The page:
Customers take IT performance problems personally

By Darren Boyd, senior product marketing manager –

No matter the reason for an IT investment, the ultimate goal is almost always the same – to provide a better end-user experience. It doesn’t really matter if the end user is an employee, partner or a customer. Applications need to function. Workloads need to be available. Servers need to be accessible. For IT infrastructures charged with directly serving customers though, the consequences of any kind of regular latency extensions or outages can be devastating. A frustrated co-worker is never a good thing, but a put-out customer can mean lost business for your company.

IT teams need to act quickly to manage infrastructures as complex and sensitive as those in the data centers of modern enterprises. However, too often, the platforms, solutions and best practices used to identify and resolve bottlenecks are based on practices that are either time-consuming or inefficient. For example, neither digging through activity logs nor relying on averages for polling identify the real problem as quickly as possible. On the whole, customers waiting an extra several seconds to access their account information when they’re in a hurry or on a deadline, or those who are receiving error messages a few times a week, are growing more and more frustrated.

IT teams need to keep this end goal in mind when they debate their IT investments. Having the latest and greatest technology isn’t really the end goal. All that matters is the ideal end-user experience, so whether that’s achieved by optimizing current systems or acquiring new components, the priority needs to be consistent performance across the board. Incorporating infrastructure performance management (IPM) technology is one method of ensuring this optimal output. True IPM offers critical analytics and answers that save workers time and keep systems working as efficiently as possible across environments. While there’s always going to be a customer session or two hampered by a lag, IPM limits the frequencies and lengths of delays, and leads to a consistently positive end-user experience.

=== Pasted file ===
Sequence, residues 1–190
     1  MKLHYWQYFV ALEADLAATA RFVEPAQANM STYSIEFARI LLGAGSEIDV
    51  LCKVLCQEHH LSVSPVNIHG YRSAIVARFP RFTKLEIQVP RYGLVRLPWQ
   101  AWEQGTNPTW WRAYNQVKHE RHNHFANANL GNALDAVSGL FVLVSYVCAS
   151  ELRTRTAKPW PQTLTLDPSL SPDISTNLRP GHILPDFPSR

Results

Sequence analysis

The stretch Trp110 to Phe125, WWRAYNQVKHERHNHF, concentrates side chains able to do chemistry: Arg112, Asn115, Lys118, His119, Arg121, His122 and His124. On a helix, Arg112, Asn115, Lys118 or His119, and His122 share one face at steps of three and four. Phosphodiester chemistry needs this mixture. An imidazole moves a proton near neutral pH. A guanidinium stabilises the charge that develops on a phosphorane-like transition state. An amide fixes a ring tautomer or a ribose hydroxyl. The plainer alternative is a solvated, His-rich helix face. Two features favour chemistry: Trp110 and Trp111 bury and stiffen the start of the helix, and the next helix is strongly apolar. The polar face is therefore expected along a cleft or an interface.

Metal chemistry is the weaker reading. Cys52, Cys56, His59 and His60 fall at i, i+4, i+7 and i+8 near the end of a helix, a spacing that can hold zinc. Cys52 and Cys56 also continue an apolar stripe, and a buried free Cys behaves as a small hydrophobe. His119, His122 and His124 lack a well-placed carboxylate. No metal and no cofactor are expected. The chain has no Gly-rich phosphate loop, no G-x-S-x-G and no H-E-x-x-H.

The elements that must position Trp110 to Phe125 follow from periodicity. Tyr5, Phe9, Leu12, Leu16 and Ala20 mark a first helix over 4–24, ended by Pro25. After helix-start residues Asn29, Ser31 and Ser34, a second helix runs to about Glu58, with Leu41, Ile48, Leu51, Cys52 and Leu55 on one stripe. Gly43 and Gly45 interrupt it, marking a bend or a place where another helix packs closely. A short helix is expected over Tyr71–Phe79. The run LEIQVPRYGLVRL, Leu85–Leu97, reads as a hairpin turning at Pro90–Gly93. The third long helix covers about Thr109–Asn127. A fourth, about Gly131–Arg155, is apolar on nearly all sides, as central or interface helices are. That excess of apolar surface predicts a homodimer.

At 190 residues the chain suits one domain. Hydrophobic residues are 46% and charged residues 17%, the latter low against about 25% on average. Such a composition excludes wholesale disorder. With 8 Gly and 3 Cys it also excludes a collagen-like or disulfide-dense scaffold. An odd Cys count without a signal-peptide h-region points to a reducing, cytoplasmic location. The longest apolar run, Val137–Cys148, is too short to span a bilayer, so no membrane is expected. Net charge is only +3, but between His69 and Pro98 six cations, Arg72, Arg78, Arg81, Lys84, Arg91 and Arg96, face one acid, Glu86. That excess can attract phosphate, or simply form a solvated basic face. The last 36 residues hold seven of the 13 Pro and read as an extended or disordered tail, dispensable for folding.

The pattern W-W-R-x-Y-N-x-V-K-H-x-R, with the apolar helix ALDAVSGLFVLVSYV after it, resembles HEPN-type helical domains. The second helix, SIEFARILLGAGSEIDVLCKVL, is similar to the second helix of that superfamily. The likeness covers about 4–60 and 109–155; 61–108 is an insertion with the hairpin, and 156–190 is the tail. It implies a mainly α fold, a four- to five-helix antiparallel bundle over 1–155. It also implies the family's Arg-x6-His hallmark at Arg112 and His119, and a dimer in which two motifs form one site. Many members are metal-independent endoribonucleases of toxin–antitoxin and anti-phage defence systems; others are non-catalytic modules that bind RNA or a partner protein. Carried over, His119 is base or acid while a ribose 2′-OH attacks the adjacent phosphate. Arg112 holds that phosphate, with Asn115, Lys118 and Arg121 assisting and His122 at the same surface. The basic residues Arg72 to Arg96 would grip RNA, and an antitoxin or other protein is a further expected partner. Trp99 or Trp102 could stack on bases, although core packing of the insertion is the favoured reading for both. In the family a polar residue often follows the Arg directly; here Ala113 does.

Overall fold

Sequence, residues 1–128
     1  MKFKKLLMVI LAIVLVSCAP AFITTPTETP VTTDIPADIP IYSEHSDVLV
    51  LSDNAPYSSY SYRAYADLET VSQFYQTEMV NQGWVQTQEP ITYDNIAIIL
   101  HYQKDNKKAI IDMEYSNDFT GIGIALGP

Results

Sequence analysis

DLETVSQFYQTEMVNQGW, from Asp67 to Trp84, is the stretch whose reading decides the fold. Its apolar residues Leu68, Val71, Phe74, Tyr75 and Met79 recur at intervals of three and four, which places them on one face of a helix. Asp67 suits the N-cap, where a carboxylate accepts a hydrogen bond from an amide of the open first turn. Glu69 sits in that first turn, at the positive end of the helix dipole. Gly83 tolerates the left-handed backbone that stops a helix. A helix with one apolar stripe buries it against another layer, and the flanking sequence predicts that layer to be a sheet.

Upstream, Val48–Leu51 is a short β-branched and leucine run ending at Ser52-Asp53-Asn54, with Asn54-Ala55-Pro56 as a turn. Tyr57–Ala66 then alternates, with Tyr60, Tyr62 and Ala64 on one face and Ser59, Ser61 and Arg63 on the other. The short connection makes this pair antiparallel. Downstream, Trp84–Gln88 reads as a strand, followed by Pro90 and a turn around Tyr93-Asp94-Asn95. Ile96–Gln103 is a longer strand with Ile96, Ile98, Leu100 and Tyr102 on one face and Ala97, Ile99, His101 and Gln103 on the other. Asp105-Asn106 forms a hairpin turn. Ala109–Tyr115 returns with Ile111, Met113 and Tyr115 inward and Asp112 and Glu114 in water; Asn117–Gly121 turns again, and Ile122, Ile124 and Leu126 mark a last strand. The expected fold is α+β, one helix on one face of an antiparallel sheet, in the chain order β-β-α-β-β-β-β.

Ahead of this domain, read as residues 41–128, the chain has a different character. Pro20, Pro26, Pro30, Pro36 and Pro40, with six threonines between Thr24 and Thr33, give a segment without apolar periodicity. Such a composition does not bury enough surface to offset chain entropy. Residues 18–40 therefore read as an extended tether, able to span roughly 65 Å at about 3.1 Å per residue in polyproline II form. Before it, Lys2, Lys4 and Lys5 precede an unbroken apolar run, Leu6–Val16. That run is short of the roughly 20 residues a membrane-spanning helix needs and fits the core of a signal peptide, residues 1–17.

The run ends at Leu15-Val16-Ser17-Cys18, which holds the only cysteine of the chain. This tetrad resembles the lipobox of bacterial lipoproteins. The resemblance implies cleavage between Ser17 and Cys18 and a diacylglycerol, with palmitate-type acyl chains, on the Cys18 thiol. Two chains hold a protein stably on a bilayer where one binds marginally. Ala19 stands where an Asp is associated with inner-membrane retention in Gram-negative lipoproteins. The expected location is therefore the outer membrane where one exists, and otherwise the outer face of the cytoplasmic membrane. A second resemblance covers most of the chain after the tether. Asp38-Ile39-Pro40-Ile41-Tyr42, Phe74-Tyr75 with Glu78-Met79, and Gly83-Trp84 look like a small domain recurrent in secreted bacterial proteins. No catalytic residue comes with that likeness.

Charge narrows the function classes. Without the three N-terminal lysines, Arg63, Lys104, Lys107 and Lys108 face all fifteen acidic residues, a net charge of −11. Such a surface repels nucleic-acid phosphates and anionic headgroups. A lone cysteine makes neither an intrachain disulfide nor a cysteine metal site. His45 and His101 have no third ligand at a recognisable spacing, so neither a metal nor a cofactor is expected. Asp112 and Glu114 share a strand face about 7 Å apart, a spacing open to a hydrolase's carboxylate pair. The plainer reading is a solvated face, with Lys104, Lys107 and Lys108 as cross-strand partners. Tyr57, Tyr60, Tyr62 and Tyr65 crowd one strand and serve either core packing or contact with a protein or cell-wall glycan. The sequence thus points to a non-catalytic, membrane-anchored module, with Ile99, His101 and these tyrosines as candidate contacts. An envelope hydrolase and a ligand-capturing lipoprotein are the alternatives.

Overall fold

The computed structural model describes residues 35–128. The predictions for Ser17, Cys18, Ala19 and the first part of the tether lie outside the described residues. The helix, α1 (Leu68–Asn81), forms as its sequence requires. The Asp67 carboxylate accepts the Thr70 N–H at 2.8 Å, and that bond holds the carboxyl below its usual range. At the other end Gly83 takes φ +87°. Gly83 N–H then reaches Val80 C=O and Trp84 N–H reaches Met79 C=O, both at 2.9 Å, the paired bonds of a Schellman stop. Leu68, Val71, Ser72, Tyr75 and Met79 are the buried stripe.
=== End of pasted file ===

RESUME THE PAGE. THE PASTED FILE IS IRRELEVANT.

Companies who deliver their primary products and services over the Web need to make performance as much of a customer service concern as an IT focal point, with a primary goal of making infrastructures more efficient to keep latency down. Providing the best customer service doesn’t have to mean expanding an IT budget every time some delays pop up. It simply calls for performance management platforms that don’t just tell workers something is wrong, but tell them how to fix it.

Financial services companies manage complex, sensitive data and processes. Learn how IPM can make sure every transaction completes as quickly as possible.